Reed, 29, was taken into custody last year after a night of heavy drinking during a visit to Russia to visit a longtime girlfriend Alina Tsybulnik, according to TASS and Reed’s family.
Police told state-run news agency RIA-Novosti that Reed was involved in an altercation with two women and a police unit that arrived at the scene following complaints of a disturbance and took him to a police station. Police alleged Reed resisted the arrest, attacked the driver, hit another policeman, caused the car to swerve by grabbing the wheel and created a hazardous situation on the road, RIA stated.
But Reed and his family asserted in a statement to CNN that the charges were false, and accused the Russian police of making false and conflicting statements and of suppressing evidence that could exonerate him.
“He has no memory of the evening past drinking vodka and being asked to toast many times,” the statement published by Reed’s family said.
Tsybulnik, Reed’s girlfriend, also disputed the police account, according to TASS. “(The police) constantly change their story… in my opinion, Reed was too drunk to resist them,” Tsybulnik told TASS.
US Ambassador to Russia John Sullivan called the criminal proceeding against Reed a “theater of the absurd” in a statement.
“This conviction, and a sentence of nine years, for an alleged crime that so obviously did not occur, is ridiculous,” Sullivan said. “I cannot even say ‘miscarriage of justice’ because clearly ‘justice’ was not even considered. This was theater of the absurd.”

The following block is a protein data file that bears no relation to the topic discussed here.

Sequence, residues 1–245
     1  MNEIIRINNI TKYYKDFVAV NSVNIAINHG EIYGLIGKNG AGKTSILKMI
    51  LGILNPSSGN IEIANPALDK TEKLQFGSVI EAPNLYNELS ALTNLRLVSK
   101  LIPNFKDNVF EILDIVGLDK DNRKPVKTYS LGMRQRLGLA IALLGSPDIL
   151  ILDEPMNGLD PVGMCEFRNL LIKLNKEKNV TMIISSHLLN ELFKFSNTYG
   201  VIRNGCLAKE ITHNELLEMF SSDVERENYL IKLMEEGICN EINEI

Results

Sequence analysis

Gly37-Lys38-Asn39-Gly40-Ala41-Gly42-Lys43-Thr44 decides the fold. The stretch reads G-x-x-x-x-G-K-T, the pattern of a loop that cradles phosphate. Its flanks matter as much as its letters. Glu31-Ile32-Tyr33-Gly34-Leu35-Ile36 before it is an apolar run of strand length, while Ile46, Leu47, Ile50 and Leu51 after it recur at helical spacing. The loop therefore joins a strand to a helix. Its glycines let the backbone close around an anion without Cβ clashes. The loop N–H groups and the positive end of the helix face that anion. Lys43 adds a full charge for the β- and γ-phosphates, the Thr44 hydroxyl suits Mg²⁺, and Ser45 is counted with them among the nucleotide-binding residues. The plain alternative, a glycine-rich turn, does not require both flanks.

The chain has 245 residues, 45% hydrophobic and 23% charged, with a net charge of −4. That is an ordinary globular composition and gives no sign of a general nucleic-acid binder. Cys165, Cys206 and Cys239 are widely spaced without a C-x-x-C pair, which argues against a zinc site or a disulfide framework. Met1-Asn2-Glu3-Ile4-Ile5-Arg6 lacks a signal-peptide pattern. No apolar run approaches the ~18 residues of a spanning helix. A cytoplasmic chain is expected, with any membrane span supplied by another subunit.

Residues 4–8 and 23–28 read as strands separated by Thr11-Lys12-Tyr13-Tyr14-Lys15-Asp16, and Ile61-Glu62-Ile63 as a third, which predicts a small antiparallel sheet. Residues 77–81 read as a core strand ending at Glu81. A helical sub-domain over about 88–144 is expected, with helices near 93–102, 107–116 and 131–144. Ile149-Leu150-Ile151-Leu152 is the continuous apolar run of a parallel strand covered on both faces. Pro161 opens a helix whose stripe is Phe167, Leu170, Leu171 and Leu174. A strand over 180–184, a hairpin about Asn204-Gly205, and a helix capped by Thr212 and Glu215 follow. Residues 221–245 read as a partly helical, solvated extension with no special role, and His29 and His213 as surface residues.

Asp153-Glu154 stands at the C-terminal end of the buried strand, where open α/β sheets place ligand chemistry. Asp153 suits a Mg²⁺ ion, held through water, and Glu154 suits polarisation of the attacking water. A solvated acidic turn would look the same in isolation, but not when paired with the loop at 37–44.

Senior Russian officials did not immediately respond to Sullivan’s criticism.
Reed is one of several American citizens convicted in Russia in recent years on charges that their families and in some cases the US government have said are groundless.
In June, former US Marine Paul Whelan was convicted of espionage and sentenced to 16 years in prison by a Moscow court, concluding a months-long case that put additional strain to already complicated US-Russian relations. The Trump administration has condemned the charges against Whelan.
Whelan’s lawyer has speculated publicly that his sentencing will be used as leverage by the Kremlin to arrange a prisoner swap for two Russians in US custody, Viktor Bout and Konstantin Yaroshenko.
The Foreign Ministry later called ongoing speculation about a swap to be “rumors.” But last year the ministry raised the possibility that Yaroshenko — who was convicted of drug smuggling in 2011 and sentenced to 20 years in prison — could be returned “in exchange for any American national” held in Russia.
Yaroshenko is serving his sentence at the Federal Correctional Institution in Danbury, Connecticut. Bout, a Russian arms dealer dubbed the “Merchant of Death” who was sentenced to 25 years in US federal prison in 2012, has also been mentioned in Russian and international media reports about a potential swap.